A WOMAN from Kidderminster has narrowly avoided jail after sharing information online said to be about James Bulger killer Jon Venables.

Natalie Barker, 36, of Kidderminster, and Richard McKeag, 28, of Bacup, Lancashire, admitted breaching a worldwide ban on revealing Venables' identity by posting pictures and other details.

Lord Chief Justice Lord Burnett, sitting with Mr Justice Warby, sentenced the pair, who are not known to each other, at a High Court hearing in London on Thursday (January 31).

The judges handed McKeag a 12-month sentence, while Barker was given eight months, both suspended for two years.

Lord Burnett said that, were it not for their personal circumstances, they would have been sent to prison immediately for their "serious" breaches of the injunction protecting Venables' identity.

The judge told the court there was a risk of someone being "killed or seriously injured", including anyone who was wrongly identified as one of the Liverpool boy's killers.

He said the "haunting images" of James Bulger being led to his death, aged two, by Venables and Robert Thompson, would "remain forever in the minds of anyone who saw them".

The judge added: "The murder shocked the nation, indeed it resulted in much soul-searching.

"How was it that two boys, still at primary school, could be capable of such a wicked crime?"

Barker, a single mother of three, previously admitted five breaches of the injunction and sat quietly behind her legal team throughout the hearing.

In February and March 2018, she posted a picture which purported to be of Venables and his fiance on her Twitter account, which had 649 followers.

The image was retweeted 24 times and received a number of likes, and she persisted even after receiving warnings from Twitter and the police.

Lord Burnett said she had persisted in "impulsive and stupid conduct, heedless of the consequences for others and careless of the consequences for herself and her family".

Her lawyers said she now understood the seriousness of her actions, had expressed remorse and has closed her Twitter account.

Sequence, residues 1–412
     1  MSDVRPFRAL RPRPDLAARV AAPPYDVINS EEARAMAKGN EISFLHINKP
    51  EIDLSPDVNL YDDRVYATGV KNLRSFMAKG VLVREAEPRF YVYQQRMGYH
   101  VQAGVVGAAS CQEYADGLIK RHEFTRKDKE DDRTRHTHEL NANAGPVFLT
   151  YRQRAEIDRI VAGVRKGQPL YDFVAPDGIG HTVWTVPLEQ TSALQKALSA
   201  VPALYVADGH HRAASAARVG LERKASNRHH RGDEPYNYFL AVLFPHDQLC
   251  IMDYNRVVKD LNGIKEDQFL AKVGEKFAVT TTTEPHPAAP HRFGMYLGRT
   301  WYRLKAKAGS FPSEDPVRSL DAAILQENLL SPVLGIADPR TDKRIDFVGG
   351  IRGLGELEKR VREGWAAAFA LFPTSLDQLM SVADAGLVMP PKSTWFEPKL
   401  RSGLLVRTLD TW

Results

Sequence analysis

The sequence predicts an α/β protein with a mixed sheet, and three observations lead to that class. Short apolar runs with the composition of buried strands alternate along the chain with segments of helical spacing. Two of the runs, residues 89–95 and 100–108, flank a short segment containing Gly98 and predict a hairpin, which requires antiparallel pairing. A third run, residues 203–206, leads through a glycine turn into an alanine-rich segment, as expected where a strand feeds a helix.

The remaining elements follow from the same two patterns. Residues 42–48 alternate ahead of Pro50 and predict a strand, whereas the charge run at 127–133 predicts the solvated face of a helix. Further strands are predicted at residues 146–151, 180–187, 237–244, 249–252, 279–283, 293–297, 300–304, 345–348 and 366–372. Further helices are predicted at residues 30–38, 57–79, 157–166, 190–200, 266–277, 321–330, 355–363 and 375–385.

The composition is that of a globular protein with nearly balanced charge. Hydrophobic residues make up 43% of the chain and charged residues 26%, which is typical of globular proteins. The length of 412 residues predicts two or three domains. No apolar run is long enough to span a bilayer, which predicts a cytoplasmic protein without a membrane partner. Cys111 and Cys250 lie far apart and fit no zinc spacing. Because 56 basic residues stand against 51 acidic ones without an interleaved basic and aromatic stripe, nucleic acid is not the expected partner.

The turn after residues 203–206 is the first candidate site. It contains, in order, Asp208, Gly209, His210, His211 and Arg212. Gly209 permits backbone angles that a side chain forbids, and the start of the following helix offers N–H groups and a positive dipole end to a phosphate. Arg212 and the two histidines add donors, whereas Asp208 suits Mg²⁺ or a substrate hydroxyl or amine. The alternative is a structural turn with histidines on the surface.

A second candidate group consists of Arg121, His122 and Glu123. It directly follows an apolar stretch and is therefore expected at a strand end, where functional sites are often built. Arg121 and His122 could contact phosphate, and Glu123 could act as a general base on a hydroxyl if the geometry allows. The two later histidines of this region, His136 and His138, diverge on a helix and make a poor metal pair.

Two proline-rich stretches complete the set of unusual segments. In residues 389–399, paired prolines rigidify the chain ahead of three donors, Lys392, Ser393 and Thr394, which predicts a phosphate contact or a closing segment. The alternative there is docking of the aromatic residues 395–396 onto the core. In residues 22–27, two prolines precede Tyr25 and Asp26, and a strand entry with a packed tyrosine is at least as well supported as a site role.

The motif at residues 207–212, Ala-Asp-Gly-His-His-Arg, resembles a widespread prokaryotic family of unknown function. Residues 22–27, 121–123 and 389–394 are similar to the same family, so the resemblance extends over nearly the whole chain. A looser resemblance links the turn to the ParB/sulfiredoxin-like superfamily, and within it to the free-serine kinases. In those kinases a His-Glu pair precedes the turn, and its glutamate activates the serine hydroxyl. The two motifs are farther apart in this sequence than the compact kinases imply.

The court heard McKeag admitted three breaches after posting an article on his website freeandfearless.org.uk entitled "Jon Venables Pictured - Killer's Identity Revealed" in November 2017.

The article contained photographs, said to be of Venables, and purported to reveal his new identity and place of work.

He was "well aware" of the injunction and wrote about risking legal action, as well as encouraging people to share the article widely in a bid to "defeat the legal system by mass publication", the court heard.

McKeag's lawyers told the court he suffered serious mental and physical health problems and was unwell when he posted the article.

A court order was made in 2001, legally binding worldwide, which bans the publication of anything that reveals the identities of Venables and Robert Thompson.

They have been living anonymously with new identities since being released from a life sentence for the kidnap, torture and murder of James in 1993, when they were aged 10.

Jonathan Hall QC, representing Attorney General Geoffrey Cox QC, told the court there continue to be significant breaches of the order.

The court heard one man mistaken for Venables had "endured five years of danger" and he and his family had been forced to flee for their lives.

Mr Cox, who instigated contempt proceedings against McKeag and Barker last year, said after the hearing: "These are both serious examples of contempt of court and I instigated these proceedings as it was in the wider public interest to do so.

"The injunction protects the identities of the offenders, but also innocent individuals who may be wrongly identified as being one of the two men and placed in danger as a result.

"I will review any further contempt of court allegations made to me, and hope this sends a message to anyone tempted to do the same thing.

"Posting this material online is a crime."